Choosing a Portable Battery Charger
Imagine it's the middle of the day, and after several rounds of phone tag, the name of an elusive contact pops up on your smartphone screen. Then you notice that ominous red on the battery icon: Your phone is about to die. Luckily an array of portable battery chargers is available for the rescue, and you don't have to spend big to get your hands on one of these little lifesavers.
Portable Battery Charger Brands.In this market are recognizable names including mobile device manufacturers such as Samsung and battery brands such as Energizer and Duracell. But some of the best values come from lesser-known names that specialize in mobile accessories. Companies such as Mophie and Anker sell products ranging from battery cases to outdoor solar chargers. We focused on portable external batteries that charge phones and other electronic devices via USB and found many good ones under $35. All of them can power both Android and Apple devices.
Our favorite is the RavPower RP-PB010 (starting at $27), a large-capacity charger that can handle two devices at once without sacrificing speed. We also like the small, colorful RavPower RP-PB17R (starting at $18), which has enough power to charge a phone multiple times despite its diminutive size. The popular Poweradd Pilot 2GS (starting at $16) rounds out our picks for best portable phone charger. Its battery capacity is surprisingly large given that it's only about a half-inch thick.
We found plenty of other models that are also worth recommending. The Aukey PB-N15 Power Bank (starting at $31) has an extremely high capacity for the price. We like the Jackery Bolt 6000 (starting at $30) because of its integrated cables -- one micro-USB and one Lightning cable -- perfect for users who are liable to lose or forget a charging cable on the go. The smallest portable charger we found is the TravelCard (starting at $29), a credit-card-size device that you can tuck away in a wallet, pocket, or purse. It doesn't have as much capacity as our other top picks, due to its tiny size, but it'll keep your phone running in an emergency.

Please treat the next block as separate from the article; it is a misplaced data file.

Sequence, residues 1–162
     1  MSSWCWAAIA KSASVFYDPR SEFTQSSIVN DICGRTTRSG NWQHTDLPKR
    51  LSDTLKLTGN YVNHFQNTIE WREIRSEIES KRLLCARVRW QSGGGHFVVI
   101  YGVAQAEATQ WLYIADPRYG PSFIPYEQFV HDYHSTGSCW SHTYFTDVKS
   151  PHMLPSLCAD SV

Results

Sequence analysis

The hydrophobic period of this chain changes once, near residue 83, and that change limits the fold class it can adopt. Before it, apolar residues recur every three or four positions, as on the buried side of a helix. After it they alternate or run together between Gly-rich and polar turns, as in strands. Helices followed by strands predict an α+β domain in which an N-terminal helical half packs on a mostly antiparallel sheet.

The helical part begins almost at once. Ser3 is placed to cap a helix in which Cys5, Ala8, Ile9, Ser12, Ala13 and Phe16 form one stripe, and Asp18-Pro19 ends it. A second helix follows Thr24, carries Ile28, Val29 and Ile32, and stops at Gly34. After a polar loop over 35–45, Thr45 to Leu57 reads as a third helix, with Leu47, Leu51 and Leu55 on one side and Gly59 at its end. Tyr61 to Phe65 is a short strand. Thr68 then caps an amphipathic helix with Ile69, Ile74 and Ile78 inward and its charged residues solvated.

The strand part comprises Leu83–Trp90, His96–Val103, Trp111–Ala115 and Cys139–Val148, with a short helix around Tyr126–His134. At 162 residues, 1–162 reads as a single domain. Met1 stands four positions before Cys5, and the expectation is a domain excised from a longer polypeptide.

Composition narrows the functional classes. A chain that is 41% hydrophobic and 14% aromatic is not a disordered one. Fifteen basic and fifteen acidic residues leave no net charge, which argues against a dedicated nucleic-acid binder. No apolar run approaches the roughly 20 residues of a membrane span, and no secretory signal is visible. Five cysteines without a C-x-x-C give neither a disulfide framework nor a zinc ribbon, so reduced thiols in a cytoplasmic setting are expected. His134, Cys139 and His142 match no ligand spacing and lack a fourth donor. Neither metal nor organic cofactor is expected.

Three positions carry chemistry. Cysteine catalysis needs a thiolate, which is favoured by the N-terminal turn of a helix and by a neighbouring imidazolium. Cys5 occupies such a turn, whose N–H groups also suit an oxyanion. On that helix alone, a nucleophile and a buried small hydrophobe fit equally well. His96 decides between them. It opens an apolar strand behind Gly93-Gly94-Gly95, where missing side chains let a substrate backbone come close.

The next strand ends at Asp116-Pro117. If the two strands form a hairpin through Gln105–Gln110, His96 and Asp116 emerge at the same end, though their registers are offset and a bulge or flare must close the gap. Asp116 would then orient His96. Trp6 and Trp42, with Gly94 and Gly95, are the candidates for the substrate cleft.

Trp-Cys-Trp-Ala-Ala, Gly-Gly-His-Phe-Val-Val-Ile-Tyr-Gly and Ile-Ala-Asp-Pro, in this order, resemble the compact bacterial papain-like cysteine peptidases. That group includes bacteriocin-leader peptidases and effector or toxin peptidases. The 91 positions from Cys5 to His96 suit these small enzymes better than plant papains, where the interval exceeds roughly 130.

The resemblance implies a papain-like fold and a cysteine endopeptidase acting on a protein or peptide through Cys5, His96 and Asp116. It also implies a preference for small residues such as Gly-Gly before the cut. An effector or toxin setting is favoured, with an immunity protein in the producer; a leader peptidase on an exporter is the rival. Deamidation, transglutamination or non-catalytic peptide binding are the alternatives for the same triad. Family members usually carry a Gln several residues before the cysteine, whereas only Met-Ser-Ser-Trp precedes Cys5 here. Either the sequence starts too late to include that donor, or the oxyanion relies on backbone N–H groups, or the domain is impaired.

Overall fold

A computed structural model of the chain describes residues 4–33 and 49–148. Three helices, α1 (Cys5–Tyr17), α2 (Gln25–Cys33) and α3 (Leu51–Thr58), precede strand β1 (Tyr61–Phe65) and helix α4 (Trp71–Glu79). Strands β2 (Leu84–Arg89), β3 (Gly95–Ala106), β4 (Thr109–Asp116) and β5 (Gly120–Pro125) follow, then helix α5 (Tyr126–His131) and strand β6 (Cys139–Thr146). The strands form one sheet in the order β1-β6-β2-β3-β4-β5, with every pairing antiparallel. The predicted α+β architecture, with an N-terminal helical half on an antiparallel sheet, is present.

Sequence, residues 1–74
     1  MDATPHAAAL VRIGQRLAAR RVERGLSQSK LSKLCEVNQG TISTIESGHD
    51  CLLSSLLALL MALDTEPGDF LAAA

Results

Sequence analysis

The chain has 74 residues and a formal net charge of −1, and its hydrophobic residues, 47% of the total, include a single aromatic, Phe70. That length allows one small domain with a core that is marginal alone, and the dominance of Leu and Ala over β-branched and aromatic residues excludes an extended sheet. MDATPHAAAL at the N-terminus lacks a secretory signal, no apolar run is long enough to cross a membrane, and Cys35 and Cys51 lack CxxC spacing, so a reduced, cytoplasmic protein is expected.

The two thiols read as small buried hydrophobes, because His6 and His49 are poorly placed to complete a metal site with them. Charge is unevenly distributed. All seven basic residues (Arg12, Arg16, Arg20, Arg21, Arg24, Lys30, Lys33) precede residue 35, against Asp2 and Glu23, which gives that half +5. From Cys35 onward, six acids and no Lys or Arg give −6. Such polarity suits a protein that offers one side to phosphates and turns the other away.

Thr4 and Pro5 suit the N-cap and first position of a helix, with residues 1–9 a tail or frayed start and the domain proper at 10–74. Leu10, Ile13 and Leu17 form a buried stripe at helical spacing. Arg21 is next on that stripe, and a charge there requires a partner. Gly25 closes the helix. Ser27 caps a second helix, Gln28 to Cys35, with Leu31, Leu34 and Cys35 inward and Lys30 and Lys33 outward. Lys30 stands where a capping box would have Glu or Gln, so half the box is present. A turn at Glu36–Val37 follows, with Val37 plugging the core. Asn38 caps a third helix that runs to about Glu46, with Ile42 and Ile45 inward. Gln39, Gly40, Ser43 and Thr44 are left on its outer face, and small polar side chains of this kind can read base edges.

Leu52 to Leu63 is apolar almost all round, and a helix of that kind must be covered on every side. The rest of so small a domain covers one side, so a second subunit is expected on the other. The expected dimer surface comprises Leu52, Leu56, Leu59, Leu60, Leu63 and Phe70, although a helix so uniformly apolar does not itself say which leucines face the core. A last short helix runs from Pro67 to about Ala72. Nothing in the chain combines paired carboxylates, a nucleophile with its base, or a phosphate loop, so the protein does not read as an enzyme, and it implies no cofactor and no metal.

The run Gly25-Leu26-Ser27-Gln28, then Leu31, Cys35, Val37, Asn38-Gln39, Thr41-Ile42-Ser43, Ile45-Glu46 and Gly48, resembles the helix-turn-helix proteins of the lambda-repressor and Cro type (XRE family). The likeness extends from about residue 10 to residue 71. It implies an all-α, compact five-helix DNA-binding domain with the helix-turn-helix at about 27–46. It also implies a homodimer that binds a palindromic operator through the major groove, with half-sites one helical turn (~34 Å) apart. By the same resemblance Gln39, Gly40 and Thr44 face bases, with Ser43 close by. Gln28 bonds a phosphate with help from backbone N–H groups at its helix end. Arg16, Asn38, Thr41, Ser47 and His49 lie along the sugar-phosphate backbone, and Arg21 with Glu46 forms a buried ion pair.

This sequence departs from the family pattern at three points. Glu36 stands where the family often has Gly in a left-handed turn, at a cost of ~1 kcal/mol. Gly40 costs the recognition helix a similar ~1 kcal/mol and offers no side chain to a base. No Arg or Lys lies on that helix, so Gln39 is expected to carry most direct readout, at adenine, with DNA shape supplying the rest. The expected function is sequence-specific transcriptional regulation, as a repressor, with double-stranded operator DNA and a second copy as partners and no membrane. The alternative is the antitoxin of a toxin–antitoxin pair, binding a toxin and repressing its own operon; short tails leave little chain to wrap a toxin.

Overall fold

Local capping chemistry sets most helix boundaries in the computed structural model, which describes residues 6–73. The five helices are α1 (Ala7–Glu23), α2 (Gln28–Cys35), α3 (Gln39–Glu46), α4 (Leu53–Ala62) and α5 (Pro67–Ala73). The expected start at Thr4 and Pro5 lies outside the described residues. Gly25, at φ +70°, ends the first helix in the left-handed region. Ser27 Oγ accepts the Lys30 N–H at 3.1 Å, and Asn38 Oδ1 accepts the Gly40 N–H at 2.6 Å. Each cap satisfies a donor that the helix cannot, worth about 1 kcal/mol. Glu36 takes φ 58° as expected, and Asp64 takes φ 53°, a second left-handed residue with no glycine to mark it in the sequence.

Many shoppers like the Flux Portable Charger (starting at $26), but quite a few buyers say it charges their devices too slowly, and its recharge time is pretty slow as well. Others report that it stopped working altogether after just a few months, while still others say that the charging ports can break.
Pricey vs. Cheap Portable Chargers.The chief difference between cheap portable chargers and more expensive models is battery capacity. Pricey battery packs can juice up even a laptop in an emergency. They also have sufficient output to charge more than one device at a time at top speed. Most of the budget chargers we picked have enough oomph to charge any of the latest smartphones more than once, not to mention a feature phone, camera, ereader, or Bluetooth device. Most of our picks also have the output and capacity to recharge a tablet. The relatively small capacity of some cheap power banks makes them lighter and more portable than high-capacity chargers.
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Battery Charger Reviews: What We Considered
The portable USB charger market used to be somewhat sparsely populated, and the available devices drew more attention from consumers than from expert reviewers. Now the market is crowded and full of competition, which has driven down costs and spurred companies to deliver extra features such as built-in flashlights and sleek design. Ultimately, though, there are bigger considerations.
To determine the best portable chargers, we looked at information and reviews from a wide range of expert sources. These included general review sites such as Wirecutter and tech sites such as PC World that conduct hands-on testing. We also considered product roundups by the likes of Tech Radar, Digital Trends, and Android Authority. We checked retail sites such as Amazon to see what consumers on had to say after buying and living with the products.
In general users and experts seem to want the same thing: a fast, reliable charger with sufficient power and a convenient design. Portable charger reviews indicate whether the performance of cheap models matches up with manufacturer claims about things like battery capacity and portability.